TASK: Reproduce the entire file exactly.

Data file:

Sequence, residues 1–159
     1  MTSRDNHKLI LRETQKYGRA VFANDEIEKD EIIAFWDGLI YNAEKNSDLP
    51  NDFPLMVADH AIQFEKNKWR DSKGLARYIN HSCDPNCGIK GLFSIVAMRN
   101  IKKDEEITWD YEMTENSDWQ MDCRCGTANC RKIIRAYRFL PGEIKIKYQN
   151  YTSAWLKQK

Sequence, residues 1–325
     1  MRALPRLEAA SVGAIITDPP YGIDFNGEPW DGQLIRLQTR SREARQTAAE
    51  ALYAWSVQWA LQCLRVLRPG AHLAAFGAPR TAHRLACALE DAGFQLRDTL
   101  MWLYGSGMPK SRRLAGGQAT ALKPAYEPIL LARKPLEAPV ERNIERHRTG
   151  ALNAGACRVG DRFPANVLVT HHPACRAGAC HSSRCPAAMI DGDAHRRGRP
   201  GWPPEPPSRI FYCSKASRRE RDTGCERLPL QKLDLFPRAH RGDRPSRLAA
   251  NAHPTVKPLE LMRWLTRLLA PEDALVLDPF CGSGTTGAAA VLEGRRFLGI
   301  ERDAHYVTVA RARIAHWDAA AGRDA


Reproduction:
Sequence, residues 1–159
     1  MTSRDNHKLI LRETQKYGRA VFANDEIEKD EIIAFWDGLI YNAEKNSDLP
    51  NDFPLMVADH AIQFEKNKWR DSKGLARYIN HSCDPNCGIK GLFSIVAMRN
   101  IKKDEEITWD YEMTENSDWQ MDCRCGTANC RKIIRAYRFL PGEIKIKYQN
   151  YTSAWLKQK

Sequence, residues 1–325
     1  MRALPRLEAA SVGAIITDPP YGIDFNGEPW DGQLIRLQTR SREARQTAAE
    51  ALYAWSVQWA LQCLRVLRPG AHLAAFGAPR TAHRLACALE DAGFQLRDTL
   101  MWLYGSGMPK SRRLAGGQAT ALKPAYEPIL LARKPLEAPV ERNIERHRTG
   151  ALNAGACRVG DRFPANVLVT HHPACRAGAC HSSRCPAAMI DGDAHRRGRP
   201  GWPPEPPSRI FYCSKASRRE RDTGCERLPL QKLDLFPRAH RGDRPSRLAA
   251  NAHPTVKPLE LMRWLTRLLA PEDALVLDPF CGSGTTGAAA VLEGRRFLGI
   301  ERDAHYVTVA RARIAHWDAA AGRDA